Drakensberg to Pietermaritzburg
We stood in the windswept and frosty wetlands of Highmoor Reserve in KwaZulu-Natal, huddled near WWF's resilient landscape project manager, Vaughan Koopman.
With the distant sentinels of the cloud-tipped Drakensberg Mountains as his backdrop, he gestured to the damp ground below our feet.
"The start of water's journey begins right here. This whole area is essentially one big sponge. Wetlands like this form the kidneys of our landscape, collecting rainfall before it's filtered into rivers, dams and reservoirs downstream."
"They are extremely important in terms of catching erosion, assimilating certain types of pollution, and removing microbial pollution that's exposed to UV light when the water rises to the surface," says Koopman.
It was incredible to look down and think that the ground we were standing on held the water that would soon flow from taps in local municipalities to the south.
But because three quarters of South Africans can turn on a tap and receive fresh, good quality drinking water, we often take it for granted.
“And that's what the Journey of Water is about: making us think about the epic journey water needs to take in order to reach our taps, and the threats it faces along the way. ”
And that's what the Journey of Water is about: making us think about the epic journey water needs to take in order to reach our taps, and the threats it faces along the way.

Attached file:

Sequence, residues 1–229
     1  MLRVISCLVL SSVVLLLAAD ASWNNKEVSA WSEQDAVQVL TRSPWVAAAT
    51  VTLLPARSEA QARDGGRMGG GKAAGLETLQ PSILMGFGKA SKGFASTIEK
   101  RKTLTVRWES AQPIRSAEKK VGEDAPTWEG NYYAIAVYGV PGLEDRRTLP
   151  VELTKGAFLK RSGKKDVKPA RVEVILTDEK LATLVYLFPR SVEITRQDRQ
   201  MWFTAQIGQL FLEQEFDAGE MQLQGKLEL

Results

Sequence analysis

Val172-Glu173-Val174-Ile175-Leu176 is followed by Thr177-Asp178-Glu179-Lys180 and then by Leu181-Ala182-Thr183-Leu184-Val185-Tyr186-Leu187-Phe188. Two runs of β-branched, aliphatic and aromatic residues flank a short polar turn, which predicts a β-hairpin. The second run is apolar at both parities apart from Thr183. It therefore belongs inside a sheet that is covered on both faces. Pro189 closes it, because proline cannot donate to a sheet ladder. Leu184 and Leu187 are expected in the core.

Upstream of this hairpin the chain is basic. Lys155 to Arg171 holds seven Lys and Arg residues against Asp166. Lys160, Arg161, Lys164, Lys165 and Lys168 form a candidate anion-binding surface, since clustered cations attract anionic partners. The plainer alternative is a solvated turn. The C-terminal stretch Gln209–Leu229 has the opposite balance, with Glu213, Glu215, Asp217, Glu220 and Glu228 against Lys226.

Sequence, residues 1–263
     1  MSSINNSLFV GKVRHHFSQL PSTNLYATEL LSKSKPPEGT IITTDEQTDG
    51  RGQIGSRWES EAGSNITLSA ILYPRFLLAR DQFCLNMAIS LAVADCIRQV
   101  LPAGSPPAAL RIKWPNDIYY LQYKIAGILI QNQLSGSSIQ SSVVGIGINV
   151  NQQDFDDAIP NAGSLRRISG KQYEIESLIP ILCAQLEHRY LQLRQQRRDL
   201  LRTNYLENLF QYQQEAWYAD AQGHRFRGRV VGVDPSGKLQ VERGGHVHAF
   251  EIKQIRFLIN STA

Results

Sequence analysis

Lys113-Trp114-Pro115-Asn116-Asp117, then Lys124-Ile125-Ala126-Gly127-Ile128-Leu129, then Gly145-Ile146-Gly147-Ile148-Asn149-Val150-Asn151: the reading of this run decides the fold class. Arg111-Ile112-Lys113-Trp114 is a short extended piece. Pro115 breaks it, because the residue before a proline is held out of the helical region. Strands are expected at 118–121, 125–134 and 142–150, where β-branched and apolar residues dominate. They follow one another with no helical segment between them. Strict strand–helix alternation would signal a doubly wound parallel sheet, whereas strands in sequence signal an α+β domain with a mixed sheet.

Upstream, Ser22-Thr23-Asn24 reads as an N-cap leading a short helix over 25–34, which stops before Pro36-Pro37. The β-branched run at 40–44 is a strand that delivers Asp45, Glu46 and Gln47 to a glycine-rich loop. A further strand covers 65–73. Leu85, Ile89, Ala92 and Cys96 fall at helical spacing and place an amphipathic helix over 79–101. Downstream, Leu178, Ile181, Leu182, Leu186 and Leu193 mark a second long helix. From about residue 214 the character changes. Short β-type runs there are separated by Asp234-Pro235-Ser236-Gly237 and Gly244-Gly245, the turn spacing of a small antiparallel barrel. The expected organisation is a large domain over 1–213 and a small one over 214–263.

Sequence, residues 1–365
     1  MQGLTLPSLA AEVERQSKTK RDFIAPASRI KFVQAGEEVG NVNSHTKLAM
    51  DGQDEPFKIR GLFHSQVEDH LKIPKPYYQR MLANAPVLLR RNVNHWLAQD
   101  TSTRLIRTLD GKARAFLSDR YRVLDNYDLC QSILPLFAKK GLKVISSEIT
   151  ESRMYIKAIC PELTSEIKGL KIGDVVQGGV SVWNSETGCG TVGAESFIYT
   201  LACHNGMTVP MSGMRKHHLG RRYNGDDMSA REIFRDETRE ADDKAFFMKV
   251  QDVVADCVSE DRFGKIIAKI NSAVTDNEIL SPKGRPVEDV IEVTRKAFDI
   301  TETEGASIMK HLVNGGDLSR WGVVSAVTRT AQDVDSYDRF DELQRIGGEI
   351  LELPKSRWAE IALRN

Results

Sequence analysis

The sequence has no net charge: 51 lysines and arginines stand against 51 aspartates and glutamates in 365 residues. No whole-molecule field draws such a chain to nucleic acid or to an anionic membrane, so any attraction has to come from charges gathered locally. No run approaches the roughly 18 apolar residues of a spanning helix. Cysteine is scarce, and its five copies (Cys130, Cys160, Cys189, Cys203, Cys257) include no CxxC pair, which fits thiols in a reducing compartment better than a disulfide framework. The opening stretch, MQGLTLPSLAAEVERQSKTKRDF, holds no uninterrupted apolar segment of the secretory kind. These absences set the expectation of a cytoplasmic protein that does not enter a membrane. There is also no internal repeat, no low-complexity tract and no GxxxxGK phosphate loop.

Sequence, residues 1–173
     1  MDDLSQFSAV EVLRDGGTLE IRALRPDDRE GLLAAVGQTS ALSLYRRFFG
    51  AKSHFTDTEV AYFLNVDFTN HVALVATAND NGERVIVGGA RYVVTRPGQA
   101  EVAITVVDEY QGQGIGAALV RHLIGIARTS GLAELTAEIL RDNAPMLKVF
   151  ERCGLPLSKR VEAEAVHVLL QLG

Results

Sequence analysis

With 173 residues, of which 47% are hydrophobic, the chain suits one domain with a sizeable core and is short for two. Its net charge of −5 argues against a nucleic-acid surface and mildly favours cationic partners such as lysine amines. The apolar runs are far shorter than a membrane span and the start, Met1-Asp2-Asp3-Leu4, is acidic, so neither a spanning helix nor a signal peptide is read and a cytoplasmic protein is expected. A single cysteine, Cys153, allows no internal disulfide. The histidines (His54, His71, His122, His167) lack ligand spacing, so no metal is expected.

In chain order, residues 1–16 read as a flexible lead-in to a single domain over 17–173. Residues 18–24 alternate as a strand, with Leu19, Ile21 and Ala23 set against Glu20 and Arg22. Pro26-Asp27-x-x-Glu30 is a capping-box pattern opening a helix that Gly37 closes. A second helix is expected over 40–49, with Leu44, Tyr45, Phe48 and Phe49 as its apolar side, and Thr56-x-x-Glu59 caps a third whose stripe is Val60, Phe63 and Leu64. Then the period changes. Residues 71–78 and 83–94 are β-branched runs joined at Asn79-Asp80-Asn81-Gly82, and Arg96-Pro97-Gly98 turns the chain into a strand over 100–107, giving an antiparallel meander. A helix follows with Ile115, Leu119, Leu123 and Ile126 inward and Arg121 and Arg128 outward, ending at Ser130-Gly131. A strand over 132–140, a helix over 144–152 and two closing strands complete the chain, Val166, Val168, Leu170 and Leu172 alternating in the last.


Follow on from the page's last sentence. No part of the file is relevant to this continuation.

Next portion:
In South Africa, research conducted by WWF South Africa and the Council for Scientific and Industrial Research, with funding from Sanlam, revealed that only 8% of the land area in South Africa generates half our river flow.
Some of the major threats to these ecosystems include climate change, large-scale plantation and land degradation. Conservation groups like the South African Environmental Observation Network are working with WWF to predict weather patterns and how these may affect vegetation and water flow through water catchment areas.
During the official opening ceremony, charismatic deputy minister of the Department of Water and Sanitation, Pamela Tshwete (who encouraged the group to call her Pam, as it made her feel younger), remarked how every one of us has the ability to become water ambassadors - to use our influence, no matter how big or small, to remind others never to take fresh water for granted.
By reading this and understanding that water does not come from a tap, and that saving water is a shared responsibility - that ability extends to you.
"Water is life. There is nothing you can do without water, and there is no substitute for it. Water and sanitation is everyone's business, and campaigns like the Journey of Water highlight the importance of government, NGOs, the community and private enterprise partnerships to protect our water sources together," said Tshwete.
“Water is life. There is nothing you can do without water, and there is no substitute for it. Water and sanitation is everyone's business... ”
CEO of Business and Arts South Africa, Michelle Constant, shared a philosophical thought as we traversed the beautiful natural landscape of Highmoor Reserve:
"If the human body is made up of about 75% water, why don't we care for this precious resource more?" Water for thought.
At the end of the day, the heavens opened and drenched us weary walkers as we climbed the final hill. After everything we had heard, it was fitting to actually witness how the ground swelled with this precious life-giving liquid almost immediately, ready to continue its journey downstream.
But that's a story for another day.